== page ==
REVIEW: Swamp Thing 40

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The time has come: Swamp Thing ended yesterday with issue #40. My favorite of DC’s original New 52 offerings, Swamp Thing kicked off strong with Scott Snyder and Yanick Paquette at the helm; Charles Soule and Jesus Saiz never let the momentum, consistency, and general excellence of the title falter. From the epic of the Arcanes to the most recent War of the Kingdoms, Swamp Thing has delivered expansions to Alec  Holland’s mythos as well as sharp character development and poignant choices. This ultimate issue pays tribute to all that has come before, and leaves a delightful open ending for future salad adventures.


The Avatars go to war.

Machine, Rot, Green, Grey: the Kingdoms clash in a climactic battle of unlikely allies and foes…but in his final issue, Soule introduces a new, very meta creation, bookended by the final image of Swamp Thing reading One Hundred Years of Solitude. Swamp Thing has often veered to the side of magical realism rather than straight fantasy, mixing earthly locations, real-life jobs and hobbies, and global concerns with strange people and fluid ideas which allow Alec to affect and even create his reality. The medium of a book, plant-based pulp, is open to the Avatar of the Green; likewise, the Avatar of Story manipulates its medium in a manner similar to Dream of the Endless. Given the option to end his story as he sees fit, Swamp Thing returns to the battle–a pragmatic and satisfyingly mundane decision, fitting to a hard-headed, stubborn, yet idealistic Avatar. Saiz renders the battle, Alec’s journey into the Kingdom of Story, and the Green in his trademark gorgeous pencils, detailed and dark and evocative, with Javi Pino and June Chung onboard for lines and colors. As the Avatar of Story says, some tales are works in two dimensions.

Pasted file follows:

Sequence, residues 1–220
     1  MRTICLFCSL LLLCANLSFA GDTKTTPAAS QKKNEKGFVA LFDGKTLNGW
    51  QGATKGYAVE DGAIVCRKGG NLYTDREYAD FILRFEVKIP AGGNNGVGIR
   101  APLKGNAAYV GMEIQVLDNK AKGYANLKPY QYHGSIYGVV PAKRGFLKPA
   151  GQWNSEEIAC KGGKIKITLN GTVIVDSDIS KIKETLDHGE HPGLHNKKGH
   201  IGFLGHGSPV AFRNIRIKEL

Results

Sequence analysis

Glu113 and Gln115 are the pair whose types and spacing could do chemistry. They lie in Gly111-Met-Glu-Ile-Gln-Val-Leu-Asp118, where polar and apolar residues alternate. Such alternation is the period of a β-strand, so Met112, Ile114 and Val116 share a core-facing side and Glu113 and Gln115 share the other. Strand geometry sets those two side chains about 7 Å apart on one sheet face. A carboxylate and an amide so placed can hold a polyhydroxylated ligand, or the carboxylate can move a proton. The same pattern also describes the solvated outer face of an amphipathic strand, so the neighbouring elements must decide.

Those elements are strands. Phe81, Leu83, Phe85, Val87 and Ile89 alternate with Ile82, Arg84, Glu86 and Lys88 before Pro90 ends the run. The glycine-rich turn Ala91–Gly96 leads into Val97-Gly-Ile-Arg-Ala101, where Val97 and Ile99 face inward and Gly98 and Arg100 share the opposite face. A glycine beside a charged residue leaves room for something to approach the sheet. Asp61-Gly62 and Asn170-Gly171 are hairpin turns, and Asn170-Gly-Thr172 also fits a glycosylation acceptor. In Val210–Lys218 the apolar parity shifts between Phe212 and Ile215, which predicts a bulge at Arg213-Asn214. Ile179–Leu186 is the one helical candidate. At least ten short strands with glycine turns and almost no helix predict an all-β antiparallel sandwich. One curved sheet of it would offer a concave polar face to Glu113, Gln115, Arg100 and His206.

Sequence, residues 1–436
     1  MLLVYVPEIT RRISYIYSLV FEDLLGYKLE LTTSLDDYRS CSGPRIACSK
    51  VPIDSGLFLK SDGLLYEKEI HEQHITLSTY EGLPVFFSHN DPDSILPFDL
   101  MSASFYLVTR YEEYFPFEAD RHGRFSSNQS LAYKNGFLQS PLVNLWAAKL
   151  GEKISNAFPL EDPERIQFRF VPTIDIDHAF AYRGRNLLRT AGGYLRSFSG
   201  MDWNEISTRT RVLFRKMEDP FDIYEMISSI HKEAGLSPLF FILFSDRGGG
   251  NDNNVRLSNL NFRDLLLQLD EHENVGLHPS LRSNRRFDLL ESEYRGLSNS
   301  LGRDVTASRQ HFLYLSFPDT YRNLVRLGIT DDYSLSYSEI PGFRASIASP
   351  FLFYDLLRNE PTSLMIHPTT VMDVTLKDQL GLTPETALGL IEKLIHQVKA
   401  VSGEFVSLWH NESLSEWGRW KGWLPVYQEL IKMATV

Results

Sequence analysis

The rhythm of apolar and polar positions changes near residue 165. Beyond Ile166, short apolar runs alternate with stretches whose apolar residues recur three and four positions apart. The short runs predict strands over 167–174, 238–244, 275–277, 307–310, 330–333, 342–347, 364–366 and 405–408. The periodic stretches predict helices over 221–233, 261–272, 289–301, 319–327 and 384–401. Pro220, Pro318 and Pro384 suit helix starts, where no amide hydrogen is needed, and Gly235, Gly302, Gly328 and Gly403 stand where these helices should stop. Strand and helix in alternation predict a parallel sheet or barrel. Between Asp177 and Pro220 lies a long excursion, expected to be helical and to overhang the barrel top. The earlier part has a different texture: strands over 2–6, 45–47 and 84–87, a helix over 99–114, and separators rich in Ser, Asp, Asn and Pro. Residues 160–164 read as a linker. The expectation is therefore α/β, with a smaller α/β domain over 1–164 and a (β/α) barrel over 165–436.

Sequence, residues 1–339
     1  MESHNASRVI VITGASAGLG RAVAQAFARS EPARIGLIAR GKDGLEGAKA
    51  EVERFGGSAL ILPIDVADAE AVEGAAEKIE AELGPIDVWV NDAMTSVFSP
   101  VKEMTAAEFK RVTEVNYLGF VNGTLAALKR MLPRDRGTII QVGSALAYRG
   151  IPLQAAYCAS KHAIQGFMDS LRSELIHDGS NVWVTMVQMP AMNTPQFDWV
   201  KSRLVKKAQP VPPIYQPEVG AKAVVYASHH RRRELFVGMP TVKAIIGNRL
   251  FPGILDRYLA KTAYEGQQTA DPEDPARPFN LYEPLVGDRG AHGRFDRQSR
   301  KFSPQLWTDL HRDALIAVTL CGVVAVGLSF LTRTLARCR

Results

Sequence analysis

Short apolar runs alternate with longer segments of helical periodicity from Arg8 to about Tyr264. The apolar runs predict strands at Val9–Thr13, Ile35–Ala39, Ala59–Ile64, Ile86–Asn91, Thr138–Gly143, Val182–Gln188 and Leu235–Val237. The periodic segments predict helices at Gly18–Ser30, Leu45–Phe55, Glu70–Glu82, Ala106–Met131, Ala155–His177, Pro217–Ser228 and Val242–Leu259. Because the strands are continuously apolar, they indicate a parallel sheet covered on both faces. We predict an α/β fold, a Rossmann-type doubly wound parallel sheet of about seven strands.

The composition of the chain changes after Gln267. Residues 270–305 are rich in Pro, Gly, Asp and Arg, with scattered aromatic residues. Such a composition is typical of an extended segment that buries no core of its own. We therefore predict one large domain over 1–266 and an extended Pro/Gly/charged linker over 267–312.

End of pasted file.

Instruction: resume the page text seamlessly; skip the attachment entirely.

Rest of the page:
The Lady, consigned to weeds.

Previous Avatars of the Green, still existing within their Kingdom as generations of Buendias exist in Macondo, join Alec’s fight against the Machine Queen, once one of their own. And though she is defeated in due gory fashion, the mantra of Swamp Thing, his belief in second chances and above all in growth, grants her mercy. Swamp Thing exists and acts on both the human and plant time scales; growth can take place in a season, or over a period of years, and his trust is in that inexorable power. Over the past five years, Alec has matured as a character, from unsure of his place to fully capable of wielding the Green. Furthermore, his story has been populated with memorable side characters such as Capucine, the Arcanes, the Sureen, and various other Avatars. Generally apart in plot and connection from the larger DC universe, Swamp Thing has utilized judicious guest appearances, including Superman and John Constantine. And here at the end, it’s not just Swamp Thing who puts things to rights, but every weapon and ally he has at his disposal. Issue #40 is a full, rounded, and juicy conclusion to one of the New 52’s longest-ranging and sprawling titles.


The story of Swamp Thing.

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